Induction heating analysis
Some manufacturers have produced devices which can monitor the magnetic field strength present at the induction head (either directly or indirectly via such mechanisms as pick up coils), dynamically predicting the heating effect in the foil. Such devices provide quantifiable data post-weld in a production environment where uniformity - particularly in parameters such as foil peel-off strength, is important. Analysers may be portable or designed to work in conjunction with conveyor belt systems.
High speed power analysis techniques (Voltage and Current measurement in near real time) can be used to intercept power delivery from mains to generator or generator to head in order to calculate energy delivered to the foil and the statistical profile of that process. As the thermal capacity of the foil is typically static, such information as true power, apparent power and power factor may be used to predict foil heating with good relevance to final weld parameters and in a dynamic manner.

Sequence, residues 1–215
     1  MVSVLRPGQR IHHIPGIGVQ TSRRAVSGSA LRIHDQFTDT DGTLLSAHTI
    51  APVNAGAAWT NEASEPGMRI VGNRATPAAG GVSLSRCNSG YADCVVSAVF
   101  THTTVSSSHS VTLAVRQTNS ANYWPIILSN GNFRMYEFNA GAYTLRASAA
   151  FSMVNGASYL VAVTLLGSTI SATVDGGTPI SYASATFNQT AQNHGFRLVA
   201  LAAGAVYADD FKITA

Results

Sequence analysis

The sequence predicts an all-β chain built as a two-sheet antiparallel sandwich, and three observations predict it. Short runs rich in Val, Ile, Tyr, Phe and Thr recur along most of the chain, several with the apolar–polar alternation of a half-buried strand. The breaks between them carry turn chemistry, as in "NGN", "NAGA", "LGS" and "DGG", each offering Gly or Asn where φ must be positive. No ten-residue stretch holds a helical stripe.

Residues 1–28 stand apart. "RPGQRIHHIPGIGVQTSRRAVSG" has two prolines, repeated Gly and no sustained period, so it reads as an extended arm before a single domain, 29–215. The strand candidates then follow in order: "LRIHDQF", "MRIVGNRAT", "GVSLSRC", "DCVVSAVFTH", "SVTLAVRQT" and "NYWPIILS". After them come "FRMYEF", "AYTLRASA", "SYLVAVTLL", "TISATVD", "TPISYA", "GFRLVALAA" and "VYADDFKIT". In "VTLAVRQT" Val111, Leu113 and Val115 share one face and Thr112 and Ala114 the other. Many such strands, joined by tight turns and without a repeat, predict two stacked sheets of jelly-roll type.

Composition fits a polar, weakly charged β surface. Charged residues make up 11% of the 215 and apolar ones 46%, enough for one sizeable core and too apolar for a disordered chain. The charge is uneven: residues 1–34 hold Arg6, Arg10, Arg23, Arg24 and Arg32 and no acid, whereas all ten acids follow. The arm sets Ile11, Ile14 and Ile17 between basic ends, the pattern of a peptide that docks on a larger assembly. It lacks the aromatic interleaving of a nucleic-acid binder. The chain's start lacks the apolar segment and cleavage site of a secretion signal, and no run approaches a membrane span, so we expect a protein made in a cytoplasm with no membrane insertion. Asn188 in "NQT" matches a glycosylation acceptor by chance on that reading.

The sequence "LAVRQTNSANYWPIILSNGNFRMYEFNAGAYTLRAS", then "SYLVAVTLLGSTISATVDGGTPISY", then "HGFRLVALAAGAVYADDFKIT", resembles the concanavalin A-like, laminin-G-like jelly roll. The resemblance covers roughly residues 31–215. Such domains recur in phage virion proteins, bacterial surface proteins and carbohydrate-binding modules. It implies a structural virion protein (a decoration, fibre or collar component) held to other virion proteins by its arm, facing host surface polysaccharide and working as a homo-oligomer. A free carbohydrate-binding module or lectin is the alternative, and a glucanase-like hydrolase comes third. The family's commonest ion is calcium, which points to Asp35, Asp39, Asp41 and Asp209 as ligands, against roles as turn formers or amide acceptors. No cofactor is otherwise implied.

Many other derivative parameters may be calculated for each weld, yielding confidence in a production environment that is notably more difficult to achieve in conduction transfer systems, where analysis, if present is generally post-weld as relatively large thermal mass of heating and conduction elements combined impair rapid temperature change. Inductive heating with quantitative feedback such as that provided by power analysis techniques further allows for the possibility of dynamic adjustments in energy delivery profile to the target. This opens the possibility of feed-forward systems where the induction generator properties are adjusted in near real-time as the heating process proceeds, allowing for a specific heating profile track and subsequent compliance feedback - something that is not generally practical for conduction heating processes.
Benefits of induction vs. conduction sealing
Conduction sealing requires a hard metal plate to make perfect contact with the container being sealed. Conduction sealing systems delay production time because of required system warm-up time. They also have complex temperature sensors and heaters.